Since the announcement of the 2016 Oscar nominations on Jan. 14, actors, directors and other Hollywood insiders have reacted to the noms’ lack of diversity with emotions ranging from disappointment to outrage. And the stream of comments has picked up over the past several days, especially following the Academy’s announcement on Friday of an overhaul aimed at increasing diversity.
Reactions have shared a common thread (with some exceptions) of acknowledging that the lack of diversity is a problem and pleading with the Academy to correct course. And while some have espoused alternative messages—for example, Nick Cannon’s spoken word poem expressing that “fake gold and plastic” are distractions from larger issues like police violence and systemic racism, or Ice Cube’s belief that complaining about not getting nominated is tantamount to “crying about not having enough icing on your cake”—the overwhelming theme has been this: minimal diversity in the Academy is a symptom of larger issues of exclusion in the film industry and in Hollywood at large.
From Oscar-winning directors Alejandro Iñárritu and Michael Moore to actors like Viola Davis and Don Cheadle, below is a sampling of voices from a chorus which believes that the best way to see more people of color represented at future Academy Awards ceremonies is to start with the studio executives who greenlight the movies that end up in theaters in the first place.
Alejandro Inarritu, at a Producers Guild of America panel Jan. 23: “The demographic complexity of this country should be reflected not only at the end of the chain, but since the beginning, in order that more of these people can be excited and integrated…These changes the Academy has made are a great step. But the Academy is at the end of the chain. Hopefully these positive changes can start from the beginning of the chain…Cinema is a mirror by which we often see ourselves. That’s the role we play as filmmakers. If that power is not transmitted on the screens, there’s something wrong.”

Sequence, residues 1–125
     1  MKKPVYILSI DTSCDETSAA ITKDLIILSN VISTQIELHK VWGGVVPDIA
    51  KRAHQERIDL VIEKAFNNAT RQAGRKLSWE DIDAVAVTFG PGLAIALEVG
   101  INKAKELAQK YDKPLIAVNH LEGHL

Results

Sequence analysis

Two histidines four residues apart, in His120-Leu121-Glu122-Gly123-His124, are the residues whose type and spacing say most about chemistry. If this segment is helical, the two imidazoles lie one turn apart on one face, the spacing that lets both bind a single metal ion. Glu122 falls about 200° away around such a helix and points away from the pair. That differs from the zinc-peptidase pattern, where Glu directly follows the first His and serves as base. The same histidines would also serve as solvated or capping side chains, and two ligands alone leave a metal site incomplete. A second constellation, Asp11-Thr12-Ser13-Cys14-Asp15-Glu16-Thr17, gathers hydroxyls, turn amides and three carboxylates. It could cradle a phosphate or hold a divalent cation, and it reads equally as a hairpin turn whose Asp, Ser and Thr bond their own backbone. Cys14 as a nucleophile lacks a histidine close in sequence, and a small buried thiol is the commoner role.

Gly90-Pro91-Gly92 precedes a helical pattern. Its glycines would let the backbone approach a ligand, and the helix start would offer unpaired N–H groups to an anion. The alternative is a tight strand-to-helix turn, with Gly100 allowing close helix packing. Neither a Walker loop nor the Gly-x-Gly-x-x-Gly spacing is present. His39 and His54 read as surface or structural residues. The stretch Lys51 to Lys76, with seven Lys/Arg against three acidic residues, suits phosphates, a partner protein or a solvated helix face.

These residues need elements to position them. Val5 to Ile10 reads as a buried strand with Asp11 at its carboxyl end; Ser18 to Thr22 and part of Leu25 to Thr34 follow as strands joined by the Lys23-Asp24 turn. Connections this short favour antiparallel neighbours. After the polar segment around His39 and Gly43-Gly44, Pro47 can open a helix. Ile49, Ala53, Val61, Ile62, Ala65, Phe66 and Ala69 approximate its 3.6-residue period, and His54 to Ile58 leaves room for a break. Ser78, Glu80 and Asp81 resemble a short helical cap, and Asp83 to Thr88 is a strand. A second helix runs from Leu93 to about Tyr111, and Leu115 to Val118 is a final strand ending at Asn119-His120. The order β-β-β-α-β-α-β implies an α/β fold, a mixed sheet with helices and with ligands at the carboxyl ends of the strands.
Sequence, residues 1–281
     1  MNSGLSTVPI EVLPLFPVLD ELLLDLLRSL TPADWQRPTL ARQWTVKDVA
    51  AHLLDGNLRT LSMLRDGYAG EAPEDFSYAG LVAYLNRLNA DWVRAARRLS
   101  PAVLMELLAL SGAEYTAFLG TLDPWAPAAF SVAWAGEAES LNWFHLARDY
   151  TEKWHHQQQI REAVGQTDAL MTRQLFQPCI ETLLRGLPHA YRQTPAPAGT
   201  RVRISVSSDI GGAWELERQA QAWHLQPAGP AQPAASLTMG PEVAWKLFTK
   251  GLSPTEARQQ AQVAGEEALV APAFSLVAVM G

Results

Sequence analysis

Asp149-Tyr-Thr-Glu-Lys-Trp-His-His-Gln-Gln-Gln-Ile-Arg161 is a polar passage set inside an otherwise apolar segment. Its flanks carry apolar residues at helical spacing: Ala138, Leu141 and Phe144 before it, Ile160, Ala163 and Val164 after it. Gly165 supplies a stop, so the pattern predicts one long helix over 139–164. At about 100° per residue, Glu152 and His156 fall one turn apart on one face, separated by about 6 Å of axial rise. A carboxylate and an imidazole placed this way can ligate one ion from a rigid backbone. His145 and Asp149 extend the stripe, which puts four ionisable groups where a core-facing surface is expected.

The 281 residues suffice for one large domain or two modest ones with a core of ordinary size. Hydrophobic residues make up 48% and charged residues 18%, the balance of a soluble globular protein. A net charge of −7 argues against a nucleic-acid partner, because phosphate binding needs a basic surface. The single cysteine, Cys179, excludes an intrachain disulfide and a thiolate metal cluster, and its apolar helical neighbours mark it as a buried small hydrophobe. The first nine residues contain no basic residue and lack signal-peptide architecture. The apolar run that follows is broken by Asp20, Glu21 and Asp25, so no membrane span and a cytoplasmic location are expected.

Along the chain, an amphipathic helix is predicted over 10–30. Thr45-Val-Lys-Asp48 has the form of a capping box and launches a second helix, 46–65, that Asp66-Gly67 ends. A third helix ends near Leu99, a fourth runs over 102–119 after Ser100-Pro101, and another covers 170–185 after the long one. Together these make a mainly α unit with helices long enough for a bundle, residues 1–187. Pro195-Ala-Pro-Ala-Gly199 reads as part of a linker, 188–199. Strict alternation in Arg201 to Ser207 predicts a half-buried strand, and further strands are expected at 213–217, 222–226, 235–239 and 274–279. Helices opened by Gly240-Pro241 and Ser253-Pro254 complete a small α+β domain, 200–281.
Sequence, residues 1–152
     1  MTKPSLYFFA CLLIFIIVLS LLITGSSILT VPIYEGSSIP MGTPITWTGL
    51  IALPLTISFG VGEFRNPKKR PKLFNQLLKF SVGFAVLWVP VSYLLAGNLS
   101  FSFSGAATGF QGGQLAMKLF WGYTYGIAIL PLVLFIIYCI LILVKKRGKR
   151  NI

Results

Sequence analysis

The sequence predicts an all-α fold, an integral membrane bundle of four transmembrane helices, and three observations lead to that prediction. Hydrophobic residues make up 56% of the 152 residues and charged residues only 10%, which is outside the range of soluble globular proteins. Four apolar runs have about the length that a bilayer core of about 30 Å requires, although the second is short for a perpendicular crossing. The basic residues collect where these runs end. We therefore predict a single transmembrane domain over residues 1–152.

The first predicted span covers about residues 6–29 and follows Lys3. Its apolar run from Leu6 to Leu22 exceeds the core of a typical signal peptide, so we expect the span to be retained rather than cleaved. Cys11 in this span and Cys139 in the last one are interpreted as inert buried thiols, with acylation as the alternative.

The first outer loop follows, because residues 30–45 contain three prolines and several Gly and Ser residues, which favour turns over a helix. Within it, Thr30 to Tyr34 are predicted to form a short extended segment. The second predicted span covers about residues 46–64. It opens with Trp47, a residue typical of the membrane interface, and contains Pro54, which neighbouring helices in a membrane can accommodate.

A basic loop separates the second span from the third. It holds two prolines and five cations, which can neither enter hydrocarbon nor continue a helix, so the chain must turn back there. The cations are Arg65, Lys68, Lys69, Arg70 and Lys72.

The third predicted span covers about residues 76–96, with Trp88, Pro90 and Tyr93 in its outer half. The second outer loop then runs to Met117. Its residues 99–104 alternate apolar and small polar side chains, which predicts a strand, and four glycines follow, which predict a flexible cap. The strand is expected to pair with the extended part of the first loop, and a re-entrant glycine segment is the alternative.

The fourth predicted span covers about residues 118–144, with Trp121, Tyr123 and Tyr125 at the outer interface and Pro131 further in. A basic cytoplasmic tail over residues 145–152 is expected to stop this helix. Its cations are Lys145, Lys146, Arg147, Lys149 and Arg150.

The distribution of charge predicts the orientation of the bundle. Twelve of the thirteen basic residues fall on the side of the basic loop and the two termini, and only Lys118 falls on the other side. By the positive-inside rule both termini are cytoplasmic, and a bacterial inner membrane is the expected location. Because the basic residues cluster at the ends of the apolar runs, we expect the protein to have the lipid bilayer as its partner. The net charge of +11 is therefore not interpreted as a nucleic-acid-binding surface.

John Legend, in a Sundance interview with Deadline: “I think what the Academy did this week is a step in the right direction but it’s going to be a slow moving change because the Academy really reflects in a large degree what the industry looks like, and for more people to be in the Academy, you have to have more people having jobs that would lead them to be invited to the Academy…For a certain type of film, the Oscar type of film, it’s kind of a narrow road and there don’t seem to be a lot of films featuring people of color.”
Don Cheadle, following a screening of his film Miles Ahead at Sundance: “I think it is a step in the right direction, a needed step. But people really have to have access to tell the stories they want to tell. So what we really need is people in positions to greenlight those stories, not a hunk of metal.”
Spike Lee, in an Instagram post announcing his intention not to attend the Oscars: “As I see it, the Academy Awards is not where the “real” battle is. It’s in the executive office of the Hollywood studios and TV and cable networks. This is where the gatekeepers decide what gets made and what gets jettisoned to ‘turnaround’ or scrap heap. This is what’s important…The truth is we ain’t in those rooms and until minorities are, the Oscar nominees will remain lilly white.”
Will Smith, explaining his decision not to attend the Oscars on Good Morning America: “The nominations reflect the Academy, the Academy reflects the industry; reflects Hollywood. The industry reflects America. It reflects a series of challenges we’re having in our country at the moment. There’s a regressive slide towards racial and religious disharmony. That’s not the Hollywood I want to leave behind. That’s not the industry, that’s not the America I want to leave behind.”